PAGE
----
To survive you need to remain healthy, dry, warm and hydrated until rescued (hence the top five on list)
Medical- ID tag, first aid kit, knowledge to improvise splint
Shelter- waterproof coverage in form of rain gear, bivy or tarp
Fire- lighter, matches
Hydration- container, water purification tablets
Communication- safety plan left with family member, whistle, fire for signaling
Navigation- map and compass, flashlight
Insulation- insulated jacket, hat, gloves (most won't have their sleeping bag with them huh); minimal ground insulation in form of sit pad sounds good too
Sun Protection- sunblock, other coverage for exposed skin
Tools- knife or scissorsFeb 8, 2009 at 6:26 pm #1476347
Medical ID tag
Next of Kin: spouse, adult child, parent, sibling (usu in that order)
Medical History: significant history such as diabetes
Medications: blood pressure pills, etc.
Last Tetanus Shot:
Allergies: drugs, bee sting, etc.Feb 8, 2009 at 6:40 pm #1476351
Did you tell someone where you were going and when you'd be back? If not you might be out there a long time.
Given your scenario and that I Did tell someone my plans, I drop into Wait and Signal mode. Locate near water, in a clearing, gather wood, fashion a shelter, get comfortable.
At a minimum I typically take 3 bars or more, a water container, a sit pad, some sort of warm top, a hat, often raingear, and the package below. It weighs 10 ounces and contains
1) a space blanket Bivy – completely enclosing, with hood
2) a lighter
3) hexamine tables for fire starting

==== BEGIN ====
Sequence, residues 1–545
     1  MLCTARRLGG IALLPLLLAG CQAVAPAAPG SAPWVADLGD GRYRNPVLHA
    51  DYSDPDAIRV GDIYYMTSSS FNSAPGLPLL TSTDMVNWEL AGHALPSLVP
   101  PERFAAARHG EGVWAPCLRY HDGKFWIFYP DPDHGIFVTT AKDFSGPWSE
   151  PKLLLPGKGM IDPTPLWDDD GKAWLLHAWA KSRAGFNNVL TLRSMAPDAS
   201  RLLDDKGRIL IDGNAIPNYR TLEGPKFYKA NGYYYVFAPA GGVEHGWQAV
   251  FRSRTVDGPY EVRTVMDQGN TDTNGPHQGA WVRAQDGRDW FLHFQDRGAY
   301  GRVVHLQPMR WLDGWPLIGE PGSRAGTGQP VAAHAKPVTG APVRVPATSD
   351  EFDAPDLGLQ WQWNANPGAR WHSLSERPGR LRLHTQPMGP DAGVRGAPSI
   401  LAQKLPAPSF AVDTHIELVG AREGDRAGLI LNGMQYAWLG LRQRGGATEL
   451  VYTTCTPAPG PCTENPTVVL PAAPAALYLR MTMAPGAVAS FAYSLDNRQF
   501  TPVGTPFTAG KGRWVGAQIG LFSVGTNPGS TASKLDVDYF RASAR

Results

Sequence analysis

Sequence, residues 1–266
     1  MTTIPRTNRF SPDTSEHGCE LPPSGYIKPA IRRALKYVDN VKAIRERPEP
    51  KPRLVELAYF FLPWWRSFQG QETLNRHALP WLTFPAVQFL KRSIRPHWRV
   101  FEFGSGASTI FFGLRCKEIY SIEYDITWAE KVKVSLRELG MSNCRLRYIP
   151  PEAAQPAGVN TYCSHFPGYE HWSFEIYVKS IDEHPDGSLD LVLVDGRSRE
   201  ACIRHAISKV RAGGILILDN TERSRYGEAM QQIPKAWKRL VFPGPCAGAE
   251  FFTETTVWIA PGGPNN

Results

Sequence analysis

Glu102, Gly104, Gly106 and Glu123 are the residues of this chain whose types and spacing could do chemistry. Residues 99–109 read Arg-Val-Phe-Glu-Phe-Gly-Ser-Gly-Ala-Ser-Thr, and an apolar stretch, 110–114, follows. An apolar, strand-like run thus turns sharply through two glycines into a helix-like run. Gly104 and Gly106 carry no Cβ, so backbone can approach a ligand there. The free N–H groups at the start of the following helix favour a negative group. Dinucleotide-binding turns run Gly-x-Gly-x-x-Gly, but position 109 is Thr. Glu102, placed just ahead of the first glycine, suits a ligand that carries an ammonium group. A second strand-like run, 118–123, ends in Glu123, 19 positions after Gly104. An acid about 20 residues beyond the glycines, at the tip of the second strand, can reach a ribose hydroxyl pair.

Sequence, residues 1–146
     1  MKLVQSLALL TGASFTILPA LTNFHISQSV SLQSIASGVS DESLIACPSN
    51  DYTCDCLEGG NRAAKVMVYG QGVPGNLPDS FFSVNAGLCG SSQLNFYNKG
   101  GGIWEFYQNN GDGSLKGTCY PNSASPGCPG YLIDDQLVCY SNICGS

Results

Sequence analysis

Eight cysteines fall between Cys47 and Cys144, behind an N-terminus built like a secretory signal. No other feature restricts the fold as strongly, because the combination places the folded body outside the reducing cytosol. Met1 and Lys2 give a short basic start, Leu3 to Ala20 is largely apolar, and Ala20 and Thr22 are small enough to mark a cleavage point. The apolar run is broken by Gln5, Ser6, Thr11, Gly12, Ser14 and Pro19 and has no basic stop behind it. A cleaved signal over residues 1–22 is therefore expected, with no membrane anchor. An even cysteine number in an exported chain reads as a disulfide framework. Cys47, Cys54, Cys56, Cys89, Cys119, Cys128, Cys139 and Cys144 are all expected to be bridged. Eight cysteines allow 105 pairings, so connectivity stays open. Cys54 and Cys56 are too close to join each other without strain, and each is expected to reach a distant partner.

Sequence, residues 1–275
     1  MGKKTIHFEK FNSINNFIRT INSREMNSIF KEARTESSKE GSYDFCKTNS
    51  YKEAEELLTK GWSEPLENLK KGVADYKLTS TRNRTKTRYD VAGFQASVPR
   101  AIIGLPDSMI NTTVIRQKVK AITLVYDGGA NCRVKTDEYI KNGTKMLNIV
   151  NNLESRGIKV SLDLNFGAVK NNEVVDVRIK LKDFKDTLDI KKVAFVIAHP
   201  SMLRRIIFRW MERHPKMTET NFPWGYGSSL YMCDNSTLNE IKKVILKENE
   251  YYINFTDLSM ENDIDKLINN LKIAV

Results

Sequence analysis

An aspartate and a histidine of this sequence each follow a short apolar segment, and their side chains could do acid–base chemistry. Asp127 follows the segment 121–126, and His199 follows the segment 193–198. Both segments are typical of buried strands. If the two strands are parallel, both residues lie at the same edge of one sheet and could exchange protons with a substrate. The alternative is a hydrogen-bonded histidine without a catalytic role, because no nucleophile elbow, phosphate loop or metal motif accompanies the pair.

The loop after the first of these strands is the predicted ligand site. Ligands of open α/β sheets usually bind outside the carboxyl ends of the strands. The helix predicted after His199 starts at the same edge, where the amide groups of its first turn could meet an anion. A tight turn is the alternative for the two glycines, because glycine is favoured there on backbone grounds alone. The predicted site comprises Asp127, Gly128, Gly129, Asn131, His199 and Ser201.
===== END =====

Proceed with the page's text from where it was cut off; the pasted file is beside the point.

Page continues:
4) a whistle and ear plugs
5) a signal mirror
6) two military smoke signals
7) a Swiss Army knife, with a saw
8) 12 high potency pain killers, per my Dr.
It is in a reinforced waterproofed ziplock and is never broken into except for an emergency.Feb 8, 2009 at 6:51 pm #1476354
@walksoftlyLocale: Piney Woods
Note to RiverRunner:
You have just written down my normal 3-season gear kit!!
But, I guess that is the point – if you pack on the light side then your gear is never really a burden due to weight or size.Feb 8, 2009 at 7:42 pm #1476375
@dwambaughLocale: Pacific Northwest
Mr Park queried: "I've never had to use one and I hope to never have to use one but are the thermal emergency blankets functional at all?"
You should try one before you need it!
The mylar ones tear easily, but they will cut the wind and reflect heat. The Adventure Medical blankets are tougher, and more expensive, heavier and a bit larger. I put one in a Seal a Meal bag and sucked the air out, reducing the size by about 50% and the Seal a Meal bag is much tougher.
They can be used like a blanket, or placed behind you as you face a fire. I think they have good worth as a shelter roof– build a simple lean-to, add brush for a roof, add a space blanket and then another layer of brush for a waterproof shelter. A large garbage bag will do about the same for shelter-building.
The Thermolite bivies are about as good as any bivy on the short term, but not breathable, so the foot vent has real purpose.